Mortgage rates definitely hit the lowest all-time lows of all-time last week, at least for conventional 30yr fixed scenarios without many risk-based adjustments. The most recently available Freddie Mac rate survey (which drives a majority of mortgage rate headlines) reported all-time lows as of last Thursday. Indeed, that was still true as of Thursday, but things have changed since then.
The change began on Friday for most lenders as the bond market (which drives day-to-day changes in interest rates) began to lose ground fairly quickly. Notably, the weakness followed the best-ever levels in mortgage-backed bonds (which most directly affect mortgage rates). In other words, we had access to the best rates ever on Friday morning, but the average lender has moved slightly higher since then.
Context is important here. We're not even talking about an eighth of a percentage point in interest on average (though some lenders/programs have moved by as much as .25%. But the goal here is not to highlight a massive bounce in rates. Rather, I simply want to set the record straight for those reading over-the-weekend coverage of a now-outdated mortgage rate conclusion from last Thursday. Bottom line: rates are not any lower today than they were on Friday. In most cases, they're slightly higher.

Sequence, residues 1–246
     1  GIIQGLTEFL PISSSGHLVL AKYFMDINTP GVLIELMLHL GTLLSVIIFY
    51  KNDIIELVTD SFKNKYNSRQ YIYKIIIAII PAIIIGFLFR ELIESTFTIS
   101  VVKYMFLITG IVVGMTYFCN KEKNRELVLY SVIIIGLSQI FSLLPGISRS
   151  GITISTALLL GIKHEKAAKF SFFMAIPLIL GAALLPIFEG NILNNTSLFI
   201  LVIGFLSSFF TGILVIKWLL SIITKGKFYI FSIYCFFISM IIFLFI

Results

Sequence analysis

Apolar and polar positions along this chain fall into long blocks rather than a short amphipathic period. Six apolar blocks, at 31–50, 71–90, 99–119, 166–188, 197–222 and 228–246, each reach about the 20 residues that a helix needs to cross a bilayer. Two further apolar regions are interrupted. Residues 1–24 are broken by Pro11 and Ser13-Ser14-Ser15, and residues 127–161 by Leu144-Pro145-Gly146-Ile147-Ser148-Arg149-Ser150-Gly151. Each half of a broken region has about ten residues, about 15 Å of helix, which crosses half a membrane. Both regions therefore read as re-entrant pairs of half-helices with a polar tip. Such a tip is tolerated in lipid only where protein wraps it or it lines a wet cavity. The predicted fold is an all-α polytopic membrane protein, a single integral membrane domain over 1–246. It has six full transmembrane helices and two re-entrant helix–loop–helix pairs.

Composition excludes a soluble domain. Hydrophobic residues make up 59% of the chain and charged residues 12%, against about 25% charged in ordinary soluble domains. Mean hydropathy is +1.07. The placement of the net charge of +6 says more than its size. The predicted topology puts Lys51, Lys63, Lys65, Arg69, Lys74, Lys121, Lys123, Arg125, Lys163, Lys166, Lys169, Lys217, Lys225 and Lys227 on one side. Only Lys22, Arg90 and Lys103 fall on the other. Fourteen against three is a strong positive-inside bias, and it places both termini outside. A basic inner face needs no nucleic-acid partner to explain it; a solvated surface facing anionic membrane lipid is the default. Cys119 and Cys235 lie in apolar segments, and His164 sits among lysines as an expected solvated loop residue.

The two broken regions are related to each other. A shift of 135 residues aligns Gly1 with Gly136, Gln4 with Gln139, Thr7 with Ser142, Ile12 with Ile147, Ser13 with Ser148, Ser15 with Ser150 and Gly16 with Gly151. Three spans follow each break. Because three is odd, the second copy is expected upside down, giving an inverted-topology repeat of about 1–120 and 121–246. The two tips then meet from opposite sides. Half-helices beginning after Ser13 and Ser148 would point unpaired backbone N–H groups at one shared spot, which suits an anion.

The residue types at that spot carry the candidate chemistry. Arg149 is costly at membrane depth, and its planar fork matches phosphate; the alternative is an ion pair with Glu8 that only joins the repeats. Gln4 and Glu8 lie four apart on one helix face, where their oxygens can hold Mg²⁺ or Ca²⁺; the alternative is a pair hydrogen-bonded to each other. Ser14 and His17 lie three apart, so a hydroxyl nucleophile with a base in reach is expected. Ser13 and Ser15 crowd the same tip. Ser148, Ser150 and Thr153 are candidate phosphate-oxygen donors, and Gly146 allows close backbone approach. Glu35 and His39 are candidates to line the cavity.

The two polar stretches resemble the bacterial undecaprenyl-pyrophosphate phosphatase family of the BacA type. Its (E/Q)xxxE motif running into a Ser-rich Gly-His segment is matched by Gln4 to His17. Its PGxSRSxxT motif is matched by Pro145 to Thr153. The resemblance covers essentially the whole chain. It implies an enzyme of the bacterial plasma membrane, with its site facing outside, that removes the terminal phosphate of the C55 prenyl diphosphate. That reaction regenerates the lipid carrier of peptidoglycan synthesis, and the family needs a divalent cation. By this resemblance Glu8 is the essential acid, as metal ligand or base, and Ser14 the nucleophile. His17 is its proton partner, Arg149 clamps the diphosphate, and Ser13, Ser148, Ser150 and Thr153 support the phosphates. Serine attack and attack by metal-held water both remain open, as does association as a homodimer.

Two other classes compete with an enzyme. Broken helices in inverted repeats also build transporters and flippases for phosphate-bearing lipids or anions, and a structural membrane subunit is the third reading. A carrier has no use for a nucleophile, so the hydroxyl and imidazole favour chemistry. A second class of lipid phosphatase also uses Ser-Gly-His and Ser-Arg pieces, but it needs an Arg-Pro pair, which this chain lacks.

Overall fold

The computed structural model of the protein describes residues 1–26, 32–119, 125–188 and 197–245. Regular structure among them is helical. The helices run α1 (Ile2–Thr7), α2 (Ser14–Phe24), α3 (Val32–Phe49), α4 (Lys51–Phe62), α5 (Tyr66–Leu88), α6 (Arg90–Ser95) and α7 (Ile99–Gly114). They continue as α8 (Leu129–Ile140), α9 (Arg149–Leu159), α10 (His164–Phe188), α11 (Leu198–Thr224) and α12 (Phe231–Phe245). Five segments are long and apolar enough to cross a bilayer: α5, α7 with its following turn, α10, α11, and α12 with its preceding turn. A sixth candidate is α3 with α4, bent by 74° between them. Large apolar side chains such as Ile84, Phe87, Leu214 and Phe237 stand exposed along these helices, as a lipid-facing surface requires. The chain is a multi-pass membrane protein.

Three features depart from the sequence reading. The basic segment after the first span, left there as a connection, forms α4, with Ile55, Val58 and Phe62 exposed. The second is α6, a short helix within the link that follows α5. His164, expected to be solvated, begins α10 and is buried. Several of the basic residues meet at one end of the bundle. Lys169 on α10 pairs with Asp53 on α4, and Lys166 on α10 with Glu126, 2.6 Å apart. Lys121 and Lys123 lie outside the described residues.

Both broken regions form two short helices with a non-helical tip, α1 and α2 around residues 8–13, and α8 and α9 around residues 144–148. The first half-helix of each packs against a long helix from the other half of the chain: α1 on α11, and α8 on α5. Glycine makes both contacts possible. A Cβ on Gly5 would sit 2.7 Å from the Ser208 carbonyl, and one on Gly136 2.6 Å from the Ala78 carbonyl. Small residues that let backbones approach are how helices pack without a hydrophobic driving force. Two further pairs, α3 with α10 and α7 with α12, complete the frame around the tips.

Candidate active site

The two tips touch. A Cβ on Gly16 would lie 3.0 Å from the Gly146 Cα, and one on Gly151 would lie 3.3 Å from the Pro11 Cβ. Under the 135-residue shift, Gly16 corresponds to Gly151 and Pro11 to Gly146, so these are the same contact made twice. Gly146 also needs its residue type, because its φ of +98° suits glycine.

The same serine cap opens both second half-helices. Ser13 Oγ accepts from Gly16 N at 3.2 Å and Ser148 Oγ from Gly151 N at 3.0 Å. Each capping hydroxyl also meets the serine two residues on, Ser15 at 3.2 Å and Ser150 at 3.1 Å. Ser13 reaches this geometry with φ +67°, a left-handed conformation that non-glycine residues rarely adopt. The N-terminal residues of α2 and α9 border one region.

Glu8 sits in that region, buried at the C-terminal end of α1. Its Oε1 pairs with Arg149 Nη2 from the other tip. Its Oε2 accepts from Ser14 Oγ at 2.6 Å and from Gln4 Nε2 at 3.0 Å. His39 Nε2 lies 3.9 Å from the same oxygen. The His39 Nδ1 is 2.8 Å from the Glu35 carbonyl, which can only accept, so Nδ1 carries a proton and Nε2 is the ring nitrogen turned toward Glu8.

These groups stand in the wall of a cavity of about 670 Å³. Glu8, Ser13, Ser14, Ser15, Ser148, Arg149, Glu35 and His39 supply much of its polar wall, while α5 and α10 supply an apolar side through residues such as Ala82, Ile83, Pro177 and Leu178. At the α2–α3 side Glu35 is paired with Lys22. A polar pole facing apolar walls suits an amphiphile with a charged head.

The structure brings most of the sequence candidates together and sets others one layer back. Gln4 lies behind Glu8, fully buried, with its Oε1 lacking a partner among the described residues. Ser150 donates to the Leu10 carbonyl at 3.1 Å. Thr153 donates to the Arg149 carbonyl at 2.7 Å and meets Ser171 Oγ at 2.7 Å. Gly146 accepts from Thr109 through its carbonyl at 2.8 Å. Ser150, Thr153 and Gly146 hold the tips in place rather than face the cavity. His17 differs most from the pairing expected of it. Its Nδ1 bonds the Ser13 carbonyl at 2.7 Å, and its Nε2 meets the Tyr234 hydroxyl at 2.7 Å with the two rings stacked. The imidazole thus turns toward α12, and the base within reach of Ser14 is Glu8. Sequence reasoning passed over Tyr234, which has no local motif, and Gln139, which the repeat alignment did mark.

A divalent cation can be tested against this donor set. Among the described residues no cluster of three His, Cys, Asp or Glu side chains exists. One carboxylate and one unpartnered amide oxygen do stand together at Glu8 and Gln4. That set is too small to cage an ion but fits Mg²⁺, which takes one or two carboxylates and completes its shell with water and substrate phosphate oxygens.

Loan Originator Perspective
Bonds continued Friday's sell off, posting small losses by early PM. My pricing mirrored Friday's. We're still near (but not at) all time rate lows. I am still locking early for most clients, unless they really crave risk. -Ted Rood, Mortgage Banker
Interest rates may have hit their all time lows last week, however until we see a significant shift in momentum the trend indicates we may continue to see new lows. There are many reasons to make the argument for rates to go higher, or even lower, but at the current levels locking in is the right move. -Gus Floropoulos, SVP